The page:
No matter what you cook or eat or are served this Mother’s Day, I hope it is full of love & joy. Thank goodness for mothers, especially mine.

CHALLAH FRENCH TOAST
serves 4

This one’s light & airy, the recipe below much denser & more intense.

1 loaf challah, sliced approx. 1-inch thick
3 eggs
¾ cup half-and-half or milk (I recommend the former)
¼ cup sugar or honey
1 tsp. vanilla
½ tsp. cinnamon
½ tsp. nutmeg (freshly grated, if possible)
butter for the pan

foamy butter Cut about 1 T of butter into a non-stick skillet over medium heat. While waiting for the butter to get foamy, whisk together the liquid ingredients in a shallow pan (one less bowl to clean!)

Dunk two slices at a time into their French toast “bath,” turning once. Allow them to sit only a minute on each side, before draining the excess liquid and moving them to the buttery pan. Cook approximately 2-3 minutes on each side, or until golden brown. Serve warm with accompaniments. french toast taking a soak

BAKED FRENCH TOAST
serves 4-6

I first encountered a recipe like this in a cooking class with Rebecca Rather, a Texas pastry chef. Since then, I’ve seen lots of recipes like it, but this is my version.

1 loaf challah, cut into appox. 1-inch cubes
6 eggs
1 ½ cups half-and-half, heavy whipping cream, or milk (or some combination thereof)
½ cup sugar
1 tsp. vanilla

optional: I like to add in 1 tsp. of almond extract or 1 tsp. of Amaretto. You could also throw in 1 tsp. of orange liquor (Grand Marnier, Triple Sec, Cointreau) if you have some around. Remember, decadent is the theme here!

PAN: 13×9 or 9×9

Grease the baking dish, then arrange the challah cubes on the bottom. Whisk together liquid ingredients, then pour over bread. Use your fingers (very fun for kids!) or the back of a spoon to ensure that all of the cubes are soaked thoroughly. At this point, cover the whole thing and stick in the refrigerator for at least an hour or up to overnight.

When you’re ready to bake, heat the oven to 425. Bake for approximately 35-45 minutes, or until golden brown. If you’re interested, you can create a crème Brule effect with your baked French toast—when it’s done baking, sprinkle a few tablespoons of sugar on top (you can include cinnamon if you like) and turn your oven to “BROIL.” Watch closely for the sugar to bubble and caramelize, but make sure you rescue your toast before burning takes place!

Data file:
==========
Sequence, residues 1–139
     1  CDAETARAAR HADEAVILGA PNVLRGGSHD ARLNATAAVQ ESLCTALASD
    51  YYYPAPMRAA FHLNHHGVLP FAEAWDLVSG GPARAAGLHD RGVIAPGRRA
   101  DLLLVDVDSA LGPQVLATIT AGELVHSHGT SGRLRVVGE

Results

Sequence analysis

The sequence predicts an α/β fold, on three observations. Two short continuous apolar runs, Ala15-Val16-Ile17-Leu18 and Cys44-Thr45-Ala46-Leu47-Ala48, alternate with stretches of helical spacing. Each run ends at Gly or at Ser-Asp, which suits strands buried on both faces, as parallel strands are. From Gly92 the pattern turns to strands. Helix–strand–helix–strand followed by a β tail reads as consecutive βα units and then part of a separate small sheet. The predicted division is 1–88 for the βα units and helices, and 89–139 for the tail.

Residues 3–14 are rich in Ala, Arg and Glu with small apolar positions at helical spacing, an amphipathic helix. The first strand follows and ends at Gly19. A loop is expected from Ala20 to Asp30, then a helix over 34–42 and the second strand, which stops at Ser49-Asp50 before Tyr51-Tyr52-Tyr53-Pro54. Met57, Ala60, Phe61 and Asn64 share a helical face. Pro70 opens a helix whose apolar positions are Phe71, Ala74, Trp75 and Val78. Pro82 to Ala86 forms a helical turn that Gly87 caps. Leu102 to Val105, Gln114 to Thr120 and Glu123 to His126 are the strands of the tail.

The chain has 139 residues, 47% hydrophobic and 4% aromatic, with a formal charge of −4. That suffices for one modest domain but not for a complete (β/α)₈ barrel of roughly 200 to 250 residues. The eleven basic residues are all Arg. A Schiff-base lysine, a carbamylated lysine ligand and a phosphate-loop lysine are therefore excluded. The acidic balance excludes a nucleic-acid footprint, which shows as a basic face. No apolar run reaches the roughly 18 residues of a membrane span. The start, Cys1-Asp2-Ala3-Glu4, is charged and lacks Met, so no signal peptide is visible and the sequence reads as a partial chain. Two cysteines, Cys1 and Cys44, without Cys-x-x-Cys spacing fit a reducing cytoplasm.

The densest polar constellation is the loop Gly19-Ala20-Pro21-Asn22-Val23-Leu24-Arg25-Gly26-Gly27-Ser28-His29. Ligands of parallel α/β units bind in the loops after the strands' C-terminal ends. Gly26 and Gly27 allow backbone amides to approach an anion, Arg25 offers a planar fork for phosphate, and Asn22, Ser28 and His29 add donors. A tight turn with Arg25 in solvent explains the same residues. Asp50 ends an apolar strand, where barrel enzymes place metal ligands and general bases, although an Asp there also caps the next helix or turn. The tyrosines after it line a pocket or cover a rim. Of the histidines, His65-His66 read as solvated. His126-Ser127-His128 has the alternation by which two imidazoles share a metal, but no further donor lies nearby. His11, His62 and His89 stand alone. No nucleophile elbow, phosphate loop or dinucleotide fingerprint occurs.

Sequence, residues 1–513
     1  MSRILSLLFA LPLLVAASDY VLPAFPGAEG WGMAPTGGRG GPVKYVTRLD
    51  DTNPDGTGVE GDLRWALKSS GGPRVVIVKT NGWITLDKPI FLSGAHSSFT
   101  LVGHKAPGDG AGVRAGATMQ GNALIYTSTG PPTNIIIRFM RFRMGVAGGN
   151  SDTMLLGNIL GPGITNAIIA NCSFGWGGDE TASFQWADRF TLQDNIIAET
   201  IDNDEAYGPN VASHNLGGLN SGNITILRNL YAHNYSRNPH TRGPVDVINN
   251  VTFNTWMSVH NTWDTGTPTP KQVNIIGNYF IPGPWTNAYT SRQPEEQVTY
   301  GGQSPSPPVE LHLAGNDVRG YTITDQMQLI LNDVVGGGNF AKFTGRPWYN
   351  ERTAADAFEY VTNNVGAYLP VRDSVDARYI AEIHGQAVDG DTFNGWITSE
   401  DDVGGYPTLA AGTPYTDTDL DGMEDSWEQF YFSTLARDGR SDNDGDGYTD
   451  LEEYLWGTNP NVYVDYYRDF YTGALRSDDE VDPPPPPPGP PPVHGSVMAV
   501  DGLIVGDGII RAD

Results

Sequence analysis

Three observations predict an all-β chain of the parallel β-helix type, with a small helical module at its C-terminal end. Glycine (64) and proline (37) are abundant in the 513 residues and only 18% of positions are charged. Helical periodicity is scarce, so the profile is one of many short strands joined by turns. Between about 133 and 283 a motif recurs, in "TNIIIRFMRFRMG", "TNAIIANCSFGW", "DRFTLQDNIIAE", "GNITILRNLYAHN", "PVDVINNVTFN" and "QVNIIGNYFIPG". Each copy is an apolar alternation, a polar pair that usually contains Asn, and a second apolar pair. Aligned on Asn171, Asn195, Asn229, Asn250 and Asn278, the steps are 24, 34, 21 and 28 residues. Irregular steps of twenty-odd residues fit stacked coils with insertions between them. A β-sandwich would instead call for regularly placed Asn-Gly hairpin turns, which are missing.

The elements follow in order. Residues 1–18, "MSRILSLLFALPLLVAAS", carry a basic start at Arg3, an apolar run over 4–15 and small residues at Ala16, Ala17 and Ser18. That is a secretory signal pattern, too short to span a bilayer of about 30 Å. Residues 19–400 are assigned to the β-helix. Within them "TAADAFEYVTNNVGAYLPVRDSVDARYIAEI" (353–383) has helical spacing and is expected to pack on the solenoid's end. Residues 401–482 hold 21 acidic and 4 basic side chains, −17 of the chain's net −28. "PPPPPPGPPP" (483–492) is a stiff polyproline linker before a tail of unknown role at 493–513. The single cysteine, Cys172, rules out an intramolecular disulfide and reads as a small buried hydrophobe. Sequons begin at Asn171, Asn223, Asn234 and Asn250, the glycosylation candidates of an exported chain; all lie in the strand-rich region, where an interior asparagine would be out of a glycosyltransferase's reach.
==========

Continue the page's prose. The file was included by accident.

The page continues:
Cut into squares and serve with accompaniments.

TRADITIONAL INDIAN CHAI cup o tea
serves 4-6

You’d be surprised, you can probably find all of the stuff you need for this recipe at your local grocery store—all these spices can be found with the baking things, and if they have an “International Foods” aisle, you can get authentic loose-leaf tea there. Should you be up for a trip to the Indian grocer, I recommend it—spices will be much cheaper.

4 cups water
4 T black loose-leaf tea (Brooke Bond or Red Label are Indian brands; Lipton will work, too!)
2-3 generous slices fresh ginger
1 cinnamon stick
1 T whole or 1 tsp. ground cloves
1 T ground cardamom
1 tsp. anise seeds (not star anise)

1 ½ cups milk (the tea will obviously taste richer if you use whole or 2 percent)
½ – ¾ cup sugar, depending on your preference (or you can leave the tea unsweetened & let guests sweeten their own cups)

Bring the water to a boil, adding the tea & spices. Allow to boil vigorously for about 4 minutes before turning the heat down and adding milk and sugar. Stir gently and allow the milk mixture to heat up before straining into a teapot or individual cups.

*TIDBIT: I started cooking my bacon in the oven, under the broiler, and it has changed my life for the better. Lay the bacon strips (mmm, bacon) out on a broiler pan—no need to pre-grease! Slide the whole thing into the oven and turn your broiler on “low.” Depending on oven strength, it will take about 8-10 minutes, but watch closely so you don’t burn your bacon. What I love about this option is that it’s no-fuss and all the grease drips down into the bottom pan so you can dispose of it or save it in a jar in the refrigerator like I do (because pork fat just makes things better).

baaaaacon

before

after

after